Getting outside DC wiring onto a constantly rotating surface
February 18, 2013 7:17 PM   Subscribe

For a research project, I have several pieces of equipment mounted on top of a large metal rotating circular surface. At the moment, all equipment is battery powered. I would like to come up with an inexpensive way of getting DC power and signal wires to a computer off the surface to analyze data in real time. Besides that constraint, going down thru the center isn't really an option since the rotating shaft is solid metal.

Ideas I've had so far:
Conductive Ball and Socket Joints
Pass-through circuitboard mounted using ball-bearings
Whatever magic is used for wireless chargers
posted by gzimmer to Technology (8 answers total)
Best answer: Typically, i think you'd use slip rings and brushes for this kind of thing, but that takes up a lot of space, since you need one set per line.
posted by ArgentCorvid at 7:27 PM on February 18, 2013

Best answer: Unless you are wanting to transmit SCSI or something equally conductor intensive then simple slip rings and brushes are the way to go. You can stack them up with minimal space between rings and can easily get a half dozen per inch.
posted by Mitheral at 7:37 PM on February 18, 2013

Response by poster: After googling the hell out of slip rings, I've learned so much.
Looks like I'll be going with:
Great site too!
posted by gzimmer at 8:12 PM on February 18, 2013

Any wireless tech can get signal off easily. IR or RF are trivial over small distances and may require you to process on the rotating surface to convert, although I have done some direct analog transmission via FM off such things. (Most recently strain gauge signals off of a rotating shaft via FM. Very cute.)

Likewise, power requirements dictate what you'll need, but it seems to me that one set of conductors is enough, if you use DC/DC converters on the platform to generate your local power from a single main power bus. If you isolate the opposite ends of the axle shaft, you can take DC in from each side. AC can be moved over space via transformer coils, but there will be drag. You could use a magnet and rotating coil, too, but again, how much power is critical in determining if this is feasible.

Your description omits several things that would make it easier to respond. My experience with slip rings goes from super el-cheapo consumer electronics devices (antenna controllers) to $10,000 fiber optic slip rings, so the range is huge, depending on constraints.

If it's test equipment and one-off design, most of the cost is non-recurring so approach and materials are less important.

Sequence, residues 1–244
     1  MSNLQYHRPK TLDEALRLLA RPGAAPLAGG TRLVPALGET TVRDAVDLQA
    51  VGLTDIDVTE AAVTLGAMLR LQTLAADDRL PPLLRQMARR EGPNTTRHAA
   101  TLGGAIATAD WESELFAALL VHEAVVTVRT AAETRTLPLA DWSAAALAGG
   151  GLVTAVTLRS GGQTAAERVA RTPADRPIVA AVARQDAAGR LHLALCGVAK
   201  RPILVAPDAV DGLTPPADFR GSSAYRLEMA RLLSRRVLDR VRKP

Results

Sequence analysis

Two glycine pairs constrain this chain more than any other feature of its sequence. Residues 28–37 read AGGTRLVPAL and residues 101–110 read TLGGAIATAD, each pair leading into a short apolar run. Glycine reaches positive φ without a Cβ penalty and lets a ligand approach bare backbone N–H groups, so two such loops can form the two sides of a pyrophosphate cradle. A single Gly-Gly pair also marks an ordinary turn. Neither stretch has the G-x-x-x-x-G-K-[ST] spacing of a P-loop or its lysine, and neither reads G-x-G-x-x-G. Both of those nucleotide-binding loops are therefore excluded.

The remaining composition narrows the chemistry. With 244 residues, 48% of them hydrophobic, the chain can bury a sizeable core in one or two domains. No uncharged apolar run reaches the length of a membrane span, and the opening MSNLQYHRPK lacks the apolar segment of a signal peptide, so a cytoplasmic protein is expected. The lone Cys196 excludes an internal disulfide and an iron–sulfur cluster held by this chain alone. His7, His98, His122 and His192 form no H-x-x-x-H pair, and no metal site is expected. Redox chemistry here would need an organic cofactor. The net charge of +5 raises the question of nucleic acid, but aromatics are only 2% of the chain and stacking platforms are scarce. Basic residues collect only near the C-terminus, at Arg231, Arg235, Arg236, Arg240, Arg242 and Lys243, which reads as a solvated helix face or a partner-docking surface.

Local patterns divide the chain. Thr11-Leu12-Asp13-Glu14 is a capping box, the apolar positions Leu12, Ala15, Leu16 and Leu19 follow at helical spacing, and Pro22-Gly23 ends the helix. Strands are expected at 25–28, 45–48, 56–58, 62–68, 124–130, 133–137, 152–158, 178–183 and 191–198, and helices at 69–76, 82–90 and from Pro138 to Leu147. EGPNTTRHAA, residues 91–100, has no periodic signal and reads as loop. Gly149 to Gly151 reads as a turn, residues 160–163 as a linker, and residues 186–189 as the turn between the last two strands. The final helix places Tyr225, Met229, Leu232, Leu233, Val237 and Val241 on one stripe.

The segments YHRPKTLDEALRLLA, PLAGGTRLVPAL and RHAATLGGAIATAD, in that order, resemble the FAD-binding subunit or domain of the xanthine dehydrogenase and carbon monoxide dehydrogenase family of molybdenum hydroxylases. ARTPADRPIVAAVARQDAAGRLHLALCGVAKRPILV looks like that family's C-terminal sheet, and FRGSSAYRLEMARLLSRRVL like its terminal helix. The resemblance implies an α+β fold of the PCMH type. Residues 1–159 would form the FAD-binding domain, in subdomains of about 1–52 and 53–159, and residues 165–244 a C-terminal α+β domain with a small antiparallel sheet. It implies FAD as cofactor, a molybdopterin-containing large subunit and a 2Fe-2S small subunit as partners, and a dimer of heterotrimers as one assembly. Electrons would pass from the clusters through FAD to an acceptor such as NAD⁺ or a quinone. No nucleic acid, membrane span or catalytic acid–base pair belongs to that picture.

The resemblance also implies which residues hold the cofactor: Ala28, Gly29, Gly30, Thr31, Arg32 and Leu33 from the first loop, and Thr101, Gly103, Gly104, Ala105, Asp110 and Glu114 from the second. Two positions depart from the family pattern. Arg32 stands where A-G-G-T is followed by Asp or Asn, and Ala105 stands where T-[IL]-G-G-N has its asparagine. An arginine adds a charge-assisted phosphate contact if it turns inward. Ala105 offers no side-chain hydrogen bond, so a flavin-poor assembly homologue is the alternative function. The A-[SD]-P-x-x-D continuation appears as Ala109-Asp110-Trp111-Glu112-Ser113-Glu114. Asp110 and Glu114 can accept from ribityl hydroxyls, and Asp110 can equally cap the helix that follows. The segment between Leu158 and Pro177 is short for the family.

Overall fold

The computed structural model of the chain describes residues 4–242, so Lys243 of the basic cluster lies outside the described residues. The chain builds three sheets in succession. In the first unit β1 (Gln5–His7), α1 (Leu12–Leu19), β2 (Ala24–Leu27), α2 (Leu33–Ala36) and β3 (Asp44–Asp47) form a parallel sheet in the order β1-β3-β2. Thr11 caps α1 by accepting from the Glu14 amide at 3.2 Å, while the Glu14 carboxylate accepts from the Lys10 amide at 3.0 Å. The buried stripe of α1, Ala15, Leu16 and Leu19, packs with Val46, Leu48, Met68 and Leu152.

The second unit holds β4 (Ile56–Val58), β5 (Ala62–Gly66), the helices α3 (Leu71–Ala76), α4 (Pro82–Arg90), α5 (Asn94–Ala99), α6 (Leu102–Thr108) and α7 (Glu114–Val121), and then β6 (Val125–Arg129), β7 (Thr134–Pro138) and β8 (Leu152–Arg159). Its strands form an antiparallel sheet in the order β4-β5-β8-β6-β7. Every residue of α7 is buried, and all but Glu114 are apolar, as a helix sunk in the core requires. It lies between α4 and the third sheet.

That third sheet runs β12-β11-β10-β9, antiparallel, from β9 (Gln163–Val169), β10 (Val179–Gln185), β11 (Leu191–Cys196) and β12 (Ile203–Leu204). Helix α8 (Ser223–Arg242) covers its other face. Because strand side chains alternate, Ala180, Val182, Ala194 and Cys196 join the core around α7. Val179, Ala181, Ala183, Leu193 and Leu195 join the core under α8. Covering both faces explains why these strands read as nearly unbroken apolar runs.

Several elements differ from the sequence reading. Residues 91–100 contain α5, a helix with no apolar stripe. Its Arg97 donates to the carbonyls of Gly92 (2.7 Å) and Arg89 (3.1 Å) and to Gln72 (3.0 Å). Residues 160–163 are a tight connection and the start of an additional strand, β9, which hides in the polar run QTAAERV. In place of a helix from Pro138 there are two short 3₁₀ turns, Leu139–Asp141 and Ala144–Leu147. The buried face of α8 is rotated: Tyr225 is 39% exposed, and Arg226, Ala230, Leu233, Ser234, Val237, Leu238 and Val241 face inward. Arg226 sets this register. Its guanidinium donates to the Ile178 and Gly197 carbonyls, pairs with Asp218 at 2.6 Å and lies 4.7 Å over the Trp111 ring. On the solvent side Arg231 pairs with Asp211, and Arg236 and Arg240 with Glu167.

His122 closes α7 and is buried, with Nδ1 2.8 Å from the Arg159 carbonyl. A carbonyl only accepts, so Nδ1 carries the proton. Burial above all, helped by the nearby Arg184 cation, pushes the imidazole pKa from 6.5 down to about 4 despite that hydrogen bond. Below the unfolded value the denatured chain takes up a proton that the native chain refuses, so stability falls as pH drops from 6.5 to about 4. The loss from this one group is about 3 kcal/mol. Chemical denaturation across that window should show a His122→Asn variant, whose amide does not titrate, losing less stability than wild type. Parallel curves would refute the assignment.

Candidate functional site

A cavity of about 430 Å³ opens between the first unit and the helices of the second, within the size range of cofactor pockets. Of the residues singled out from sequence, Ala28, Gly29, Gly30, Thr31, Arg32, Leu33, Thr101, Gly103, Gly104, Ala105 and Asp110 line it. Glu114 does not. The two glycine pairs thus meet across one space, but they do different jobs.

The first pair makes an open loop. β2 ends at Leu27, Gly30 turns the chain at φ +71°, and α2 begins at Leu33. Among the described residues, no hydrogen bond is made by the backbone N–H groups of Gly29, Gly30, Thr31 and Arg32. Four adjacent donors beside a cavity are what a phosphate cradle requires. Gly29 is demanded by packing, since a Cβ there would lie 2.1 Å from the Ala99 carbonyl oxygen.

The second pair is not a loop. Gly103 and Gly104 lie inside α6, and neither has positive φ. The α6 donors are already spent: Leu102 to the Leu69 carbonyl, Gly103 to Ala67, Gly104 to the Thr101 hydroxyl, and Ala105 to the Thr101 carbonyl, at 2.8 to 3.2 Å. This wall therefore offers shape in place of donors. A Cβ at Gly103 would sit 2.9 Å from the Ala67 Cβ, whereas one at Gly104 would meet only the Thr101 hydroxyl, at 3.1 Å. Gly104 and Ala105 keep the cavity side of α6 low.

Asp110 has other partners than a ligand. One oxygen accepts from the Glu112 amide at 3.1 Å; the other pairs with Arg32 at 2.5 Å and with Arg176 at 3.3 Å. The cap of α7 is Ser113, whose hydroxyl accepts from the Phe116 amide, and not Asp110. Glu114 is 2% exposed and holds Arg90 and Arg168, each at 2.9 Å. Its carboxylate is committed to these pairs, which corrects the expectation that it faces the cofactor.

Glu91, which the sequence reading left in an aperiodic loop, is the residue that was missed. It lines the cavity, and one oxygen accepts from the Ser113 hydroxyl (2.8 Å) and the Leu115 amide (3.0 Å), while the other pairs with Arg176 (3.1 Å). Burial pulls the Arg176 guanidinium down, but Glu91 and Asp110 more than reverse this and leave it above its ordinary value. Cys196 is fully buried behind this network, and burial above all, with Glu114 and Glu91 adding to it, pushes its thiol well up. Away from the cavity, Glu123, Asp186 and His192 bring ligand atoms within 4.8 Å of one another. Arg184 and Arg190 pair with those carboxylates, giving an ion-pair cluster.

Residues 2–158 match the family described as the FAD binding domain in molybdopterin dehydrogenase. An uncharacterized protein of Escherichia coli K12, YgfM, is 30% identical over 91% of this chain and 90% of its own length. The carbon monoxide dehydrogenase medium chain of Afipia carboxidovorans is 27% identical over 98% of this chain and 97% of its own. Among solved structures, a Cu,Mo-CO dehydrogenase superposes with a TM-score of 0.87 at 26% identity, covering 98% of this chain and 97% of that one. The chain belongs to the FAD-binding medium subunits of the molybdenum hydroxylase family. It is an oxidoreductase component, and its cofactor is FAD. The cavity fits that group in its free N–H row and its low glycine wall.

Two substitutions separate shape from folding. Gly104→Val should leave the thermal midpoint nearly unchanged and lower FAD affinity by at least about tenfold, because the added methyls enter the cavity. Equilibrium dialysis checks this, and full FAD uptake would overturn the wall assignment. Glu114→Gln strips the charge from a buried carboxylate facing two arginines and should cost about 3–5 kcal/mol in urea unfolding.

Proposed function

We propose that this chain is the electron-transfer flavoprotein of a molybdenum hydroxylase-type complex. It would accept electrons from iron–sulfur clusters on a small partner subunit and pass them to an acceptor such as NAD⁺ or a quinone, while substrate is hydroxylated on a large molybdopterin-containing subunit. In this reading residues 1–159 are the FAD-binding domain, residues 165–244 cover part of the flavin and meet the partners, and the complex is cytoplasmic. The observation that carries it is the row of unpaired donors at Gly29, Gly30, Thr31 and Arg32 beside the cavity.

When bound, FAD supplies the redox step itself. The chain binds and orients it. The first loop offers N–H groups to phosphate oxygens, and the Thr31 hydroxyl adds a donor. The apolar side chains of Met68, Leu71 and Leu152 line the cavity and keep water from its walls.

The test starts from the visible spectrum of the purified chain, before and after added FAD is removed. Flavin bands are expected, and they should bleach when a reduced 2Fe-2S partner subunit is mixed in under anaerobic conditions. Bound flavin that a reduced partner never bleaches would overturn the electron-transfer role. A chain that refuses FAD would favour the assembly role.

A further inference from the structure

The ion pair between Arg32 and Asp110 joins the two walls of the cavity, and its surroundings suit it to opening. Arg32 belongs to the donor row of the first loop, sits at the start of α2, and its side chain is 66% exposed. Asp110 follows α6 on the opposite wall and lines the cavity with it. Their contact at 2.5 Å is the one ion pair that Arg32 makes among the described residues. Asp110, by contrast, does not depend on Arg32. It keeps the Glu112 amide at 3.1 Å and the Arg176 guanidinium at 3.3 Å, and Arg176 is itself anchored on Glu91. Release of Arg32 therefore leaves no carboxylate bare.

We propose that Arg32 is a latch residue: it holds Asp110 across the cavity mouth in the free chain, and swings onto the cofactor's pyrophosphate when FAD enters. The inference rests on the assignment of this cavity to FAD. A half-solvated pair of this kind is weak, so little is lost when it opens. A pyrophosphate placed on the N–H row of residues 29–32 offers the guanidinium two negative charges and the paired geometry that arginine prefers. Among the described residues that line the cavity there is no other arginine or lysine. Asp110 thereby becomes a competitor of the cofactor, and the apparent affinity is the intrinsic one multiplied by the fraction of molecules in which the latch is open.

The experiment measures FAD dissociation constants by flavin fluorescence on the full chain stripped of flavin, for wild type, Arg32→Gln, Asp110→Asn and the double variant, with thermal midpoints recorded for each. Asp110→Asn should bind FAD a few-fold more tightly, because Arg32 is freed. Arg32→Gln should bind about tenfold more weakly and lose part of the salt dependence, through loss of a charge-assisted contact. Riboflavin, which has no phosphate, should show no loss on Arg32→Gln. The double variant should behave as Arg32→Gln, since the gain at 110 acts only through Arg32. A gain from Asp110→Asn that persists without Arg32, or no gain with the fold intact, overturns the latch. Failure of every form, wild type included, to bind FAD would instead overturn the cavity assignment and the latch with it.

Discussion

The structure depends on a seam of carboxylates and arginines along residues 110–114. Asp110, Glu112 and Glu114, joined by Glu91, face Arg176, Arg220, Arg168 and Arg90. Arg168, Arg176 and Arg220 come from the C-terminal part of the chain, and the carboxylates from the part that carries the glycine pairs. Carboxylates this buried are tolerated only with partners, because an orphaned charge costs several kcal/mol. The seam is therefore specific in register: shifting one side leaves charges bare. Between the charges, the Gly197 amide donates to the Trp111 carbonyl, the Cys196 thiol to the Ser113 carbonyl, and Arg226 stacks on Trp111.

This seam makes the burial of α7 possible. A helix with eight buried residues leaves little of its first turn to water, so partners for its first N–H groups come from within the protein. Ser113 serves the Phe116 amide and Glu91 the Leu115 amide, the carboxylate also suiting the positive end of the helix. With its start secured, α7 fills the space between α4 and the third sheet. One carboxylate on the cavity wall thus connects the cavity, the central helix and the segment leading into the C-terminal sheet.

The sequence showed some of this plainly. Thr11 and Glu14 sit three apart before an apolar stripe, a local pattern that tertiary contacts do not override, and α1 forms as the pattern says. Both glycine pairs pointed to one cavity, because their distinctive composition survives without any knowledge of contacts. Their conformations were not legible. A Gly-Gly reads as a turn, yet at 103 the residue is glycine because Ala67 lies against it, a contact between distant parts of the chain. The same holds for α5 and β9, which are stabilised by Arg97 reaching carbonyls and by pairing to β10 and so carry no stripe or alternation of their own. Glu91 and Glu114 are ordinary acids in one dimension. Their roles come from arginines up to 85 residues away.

Some questions:

Size of this?
Signal types?
Weight of rotating payload?
Tolerance for contact noise?
Power requirements on platform?
Rotating speed?
Tolerance for rotating variations?
Desired lifetime?
Other environmental factors?

Test equipment is product design without regard to recurring costs. Most of it is non-recurring engineering labor. The rules are a lot different for this type of thing. I prefer it because it's simpler and more fun.
posted by FauxScot at 9:21 PM on February 18, 2013

I wouldn't trust any kind of sliding contact to stay free enough from electrical noise to make for a reliable long-term data connection. If I were building this thing using slip rings, I'd use them to supply AC mains power to a PSU mounted on the rotating platform, and do all the data transfer via WiFi or Bluetooth.

Apart from noise considerations, this approach minimizes the amount of current the slip rings are required to carry which should make them last a little longer.

But I really don't like slip rings - they strike me as noisy, wear-prone and inelegant. If this were my project, I'd probably be wasting lots of time getting near-field magnetic power transfer to work, or designing a custom switching power supply around a rotating transformer, or figuring out a way to leech power from the rotor side of the brushless inductive drive motor that I was using to spin up the platform.
posted by flabdablet at 10:56 PM on February 18, 2013 [1 favorite]

I'm not sure how cumbersome it would be but if your device is rotating inside a magnetic field you could generate your own power on-board by induction.
posted by tracer at 8:28 AM on February 19, 2013

For quick, cheap and easy, you can't beat slip rings. Depending on what you need to transfer, you can get slip rings that will handle audio, video, even gigahertz signals with fidelity. Or you can use less expensive slip rings and digitize your analog data before transfer. You can reduce the number of rings you need by packetizing your data onto one signal line.
posted by JackFlash at 9:49 AM on February 19, 2013

Response by poster: I should be able to find out how noisy the slip ring is by comparing the results from it to the data logger result. If it turns out to be an issue I'll look into WiFi data logging.

I was mostly trying to find a way to get my data into Labview since I'm comfortable working with it and having physical wires is necessary for the terminal board.
posted by gzimmer at 7:58 AM on February 20, 2013

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